NASHVILLE, Tenn. (AP) _ When Garth Brooks says he's just about through, should his fans believe him?
Brooks just celebrated an amazing milestone: He has sold 100 million albums, certified by the Recording Industry Association of America.
He used the occasion to make a dramatic announcement, one he's been hinting at since 1995.
``I'm here to announce my retirement,'' he said, his voice quivering with emotion. He cited the need to be with his three daughters and to sort out his marriage, and worries that he might not be able to retain his massive popularity.
In the next breath, he seemed to contradict himself. He detailed plans for a new album next summer and mentioned a series of network TV specials to promote it. He also spoke of two projects that he'd like to do down the line _ a soundtrack album and a duets project with Trisha Yearwood.
Is the retirement announcement a ploy to hype the upcoming album? After all, Brooks is known for innovative marketing techniques, like dramatically cutting his CD prices and aggressively reselling his catalog through limited-edition packages, a box set and hits packages.
What better way to sell an album than by calling it a ``farewell album''?
Brooks swears that's not what he's doing.
``The last thing that I really need from (the press), and I'm praying that you really hear me on this,'' Brooks said. ``I don't want it to be called the last record, the farewell record.
``Could this possibly at this point be my last record? Yes, it could. But do I want to sell a record on the fact that it's the last record, or the farewell record? No.''
There are those in Nashville who view such statements as pure media manipulation, planting an idea by bringing it up and then denying it. No one is lining up to say such things on the record, however.
Mike Dungan, who runs Capitol Records in Nashville, Brooks' record label, has every reason to want Brooks to continue making records.
Dungan believes Brooks means what he says.
``I have found him to be without a doubt ... one of the most charming and disarming, straightforward and straight-up honest men that I've ever worked with,'' Dungan said.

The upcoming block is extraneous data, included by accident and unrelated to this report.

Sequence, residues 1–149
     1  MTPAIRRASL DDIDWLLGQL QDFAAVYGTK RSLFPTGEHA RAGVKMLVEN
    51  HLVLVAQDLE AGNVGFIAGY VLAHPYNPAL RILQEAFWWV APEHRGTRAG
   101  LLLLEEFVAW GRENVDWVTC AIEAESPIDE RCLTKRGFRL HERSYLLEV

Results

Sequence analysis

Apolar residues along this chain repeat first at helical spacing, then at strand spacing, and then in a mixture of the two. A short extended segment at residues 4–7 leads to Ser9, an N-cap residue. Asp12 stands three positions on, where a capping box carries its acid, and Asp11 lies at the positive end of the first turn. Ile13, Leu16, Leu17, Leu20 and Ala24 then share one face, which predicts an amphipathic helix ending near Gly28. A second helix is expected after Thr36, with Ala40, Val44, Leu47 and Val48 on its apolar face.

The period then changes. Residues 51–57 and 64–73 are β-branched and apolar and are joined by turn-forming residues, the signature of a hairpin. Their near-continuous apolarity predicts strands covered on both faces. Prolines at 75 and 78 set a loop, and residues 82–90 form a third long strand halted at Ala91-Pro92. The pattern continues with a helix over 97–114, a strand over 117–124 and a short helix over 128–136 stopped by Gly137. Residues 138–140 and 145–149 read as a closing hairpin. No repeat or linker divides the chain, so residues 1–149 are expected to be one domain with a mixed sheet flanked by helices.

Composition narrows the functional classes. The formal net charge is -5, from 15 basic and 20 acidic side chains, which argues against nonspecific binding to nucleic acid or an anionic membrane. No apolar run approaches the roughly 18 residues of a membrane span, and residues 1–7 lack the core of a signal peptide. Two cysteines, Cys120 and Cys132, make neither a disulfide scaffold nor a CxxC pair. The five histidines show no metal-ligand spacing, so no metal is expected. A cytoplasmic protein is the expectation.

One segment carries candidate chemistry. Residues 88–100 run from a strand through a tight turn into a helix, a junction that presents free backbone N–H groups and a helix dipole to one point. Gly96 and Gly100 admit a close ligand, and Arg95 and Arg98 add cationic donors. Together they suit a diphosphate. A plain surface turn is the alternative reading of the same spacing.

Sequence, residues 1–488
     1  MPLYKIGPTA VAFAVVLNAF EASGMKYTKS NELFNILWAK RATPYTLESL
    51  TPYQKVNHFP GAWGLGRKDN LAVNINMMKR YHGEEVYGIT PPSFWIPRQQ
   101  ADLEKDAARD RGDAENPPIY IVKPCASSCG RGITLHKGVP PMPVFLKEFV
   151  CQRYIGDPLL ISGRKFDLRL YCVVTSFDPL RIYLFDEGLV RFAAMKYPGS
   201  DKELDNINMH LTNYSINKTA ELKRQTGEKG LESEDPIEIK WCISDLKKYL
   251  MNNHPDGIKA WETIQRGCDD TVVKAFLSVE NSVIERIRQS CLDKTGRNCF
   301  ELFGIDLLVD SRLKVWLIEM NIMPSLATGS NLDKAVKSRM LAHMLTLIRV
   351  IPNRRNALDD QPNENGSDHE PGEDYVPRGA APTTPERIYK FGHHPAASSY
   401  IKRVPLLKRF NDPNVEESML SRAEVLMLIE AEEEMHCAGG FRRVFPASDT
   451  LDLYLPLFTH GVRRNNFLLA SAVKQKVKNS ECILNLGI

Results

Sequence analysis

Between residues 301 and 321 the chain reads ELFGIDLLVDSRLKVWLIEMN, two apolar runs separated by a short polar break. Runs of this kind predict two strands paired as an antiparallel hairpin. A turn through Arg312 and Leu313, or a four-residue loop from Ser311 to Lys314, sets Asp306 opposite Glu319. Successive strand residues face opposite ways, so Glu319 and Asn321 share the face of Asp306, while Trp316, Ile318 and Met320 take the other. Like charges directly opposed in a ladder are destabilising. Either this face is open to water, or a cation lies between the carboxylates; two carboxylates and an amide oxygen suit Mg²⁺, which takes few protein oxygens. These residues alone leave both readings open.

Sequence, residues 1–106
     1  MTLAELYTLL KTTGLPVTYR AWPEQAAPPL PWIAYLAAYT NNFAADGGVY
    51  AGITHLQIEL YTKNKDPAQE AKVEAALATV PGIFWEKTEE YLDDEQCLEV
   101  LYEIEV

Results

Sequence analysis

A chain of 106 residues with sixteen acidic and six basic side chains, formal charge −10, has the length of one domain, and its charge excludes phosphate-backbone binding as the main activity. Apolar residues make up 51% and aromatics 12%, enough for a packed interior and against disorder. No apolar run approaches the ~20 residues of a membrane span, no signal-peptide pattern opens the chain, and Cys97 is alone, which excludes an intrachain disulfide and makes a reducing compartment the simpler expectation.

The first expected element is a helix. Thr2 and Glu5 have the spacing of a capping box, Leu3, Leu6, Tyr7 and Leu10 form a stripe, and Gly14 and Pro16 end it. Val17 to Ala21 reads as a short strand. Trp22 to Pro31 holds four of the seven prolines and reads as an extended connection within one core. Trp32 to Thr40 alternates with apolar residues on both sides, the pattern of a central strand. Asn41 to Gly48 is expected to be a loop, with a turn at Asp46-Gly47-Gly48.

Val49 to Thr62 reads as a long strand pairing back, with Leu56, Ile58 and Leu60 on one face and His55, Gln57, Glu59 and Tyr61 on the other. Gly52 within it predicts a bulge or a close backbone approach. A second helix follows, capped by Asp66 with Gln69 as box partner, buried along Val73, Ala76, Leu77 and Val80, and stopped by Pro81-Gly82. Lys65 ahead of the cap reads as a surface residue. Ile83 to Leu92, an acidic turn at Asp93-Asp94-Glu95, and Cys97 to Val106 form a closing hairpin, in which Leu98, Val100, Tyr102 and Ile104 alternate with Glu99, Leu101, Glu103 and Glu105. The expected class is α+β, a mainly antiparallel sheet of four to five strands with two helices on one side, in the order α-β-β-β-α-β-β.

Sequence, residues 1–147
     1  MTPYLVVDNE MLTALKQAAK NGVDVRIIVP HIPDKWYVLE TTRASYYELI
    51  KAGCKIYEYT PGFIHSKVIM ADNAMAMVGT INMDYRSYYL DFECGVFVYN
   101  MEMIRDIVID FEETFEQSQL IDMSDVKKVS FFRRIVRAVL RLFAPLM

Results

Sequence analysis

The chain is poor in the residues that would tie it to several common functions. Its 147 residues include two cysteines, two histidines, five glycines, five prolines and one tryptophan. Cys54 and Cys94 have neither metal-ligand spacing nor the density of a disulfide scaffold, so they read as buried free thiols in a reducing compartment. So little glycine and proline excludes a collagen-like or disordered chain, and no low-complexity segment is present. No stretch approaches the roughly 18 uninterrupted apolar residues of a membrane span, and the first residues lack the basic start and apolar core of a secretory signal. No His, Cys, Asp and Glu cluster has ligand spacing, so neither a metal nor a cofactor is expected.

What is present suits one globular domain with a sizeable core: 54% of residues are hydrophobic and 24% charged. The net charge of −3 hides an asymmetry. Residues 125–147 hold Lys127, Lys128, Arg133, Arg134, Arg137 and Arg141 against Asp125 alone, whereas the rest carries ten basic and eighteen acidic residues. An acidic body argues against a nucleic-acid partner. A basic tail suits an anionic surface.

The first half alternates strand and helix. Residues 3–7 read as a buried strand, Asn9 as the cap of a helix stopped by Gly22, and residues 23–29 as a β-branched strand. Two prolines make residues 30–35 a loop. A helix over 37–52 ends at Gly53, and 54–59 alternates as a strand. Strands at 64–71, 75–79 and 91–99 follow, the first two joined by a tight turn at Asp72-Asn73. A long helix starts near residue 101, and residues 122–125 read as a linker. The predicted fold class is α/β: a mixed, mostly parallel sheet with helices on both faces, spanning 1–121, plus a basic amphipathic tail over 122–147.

The one area where Brooks has boxed himself in is important: He won't tour anymore; at least not until his 4-year-old daughter Allie has started college.
Brooks built his reputation on his prowess as a live performer, and clearly loves it. Committing to staying away for a long time is a real sacrifice.
``The stuff that I am pulling away from is the stuff that takes me away from home,'' Brooks said. ``That mostly was the touring and recording.
``It takes six months to make a record. And you're in with guys that believe that if you're supposed to be in (the recording studio) until four in the morning, you will be. Because music comes first, at that time.''
Brooks, who has been caring for his three daughters at his Oklahoma home, said things are now stable enough so that he can record one more album.
And his fabled intensity and competitiveness doesn't seem to have waned. Like an athlete, he motivates himself by believing he's the underdog.
That takes some doing for a guy who has sold 100 million albums in a decade, but Brooks appears to believe he's in danger of becoming a country-music dinosaur at 38.
Brooks said he will ``attempt'' to record the new album.
He will consider more than 10,000 songs for the project. He would normally screen about 4,000.
``The reason I say it's an `attempt' is because we all grow older,'' he said. ``This thing passes you by. It's not a slap in your face. It's not a statement that says you're not what you used to be. It just simply comes and goes.
``So if my time has went, or if I still have some time left, that's what we're getting ready to find out.''
Brooks would like to write film screenplays. Songwriter Tony Arata, who wrote ``The Dance'' for Brooks, has another idea, one the superstar could certainly balance with his family responsibilities.
``I met you as a songwriter long ago at (Nashville club) Douglas Corner,'' Arata said during a black-tie gala to mark the 100 million in album sales. ``And you are still one of us.''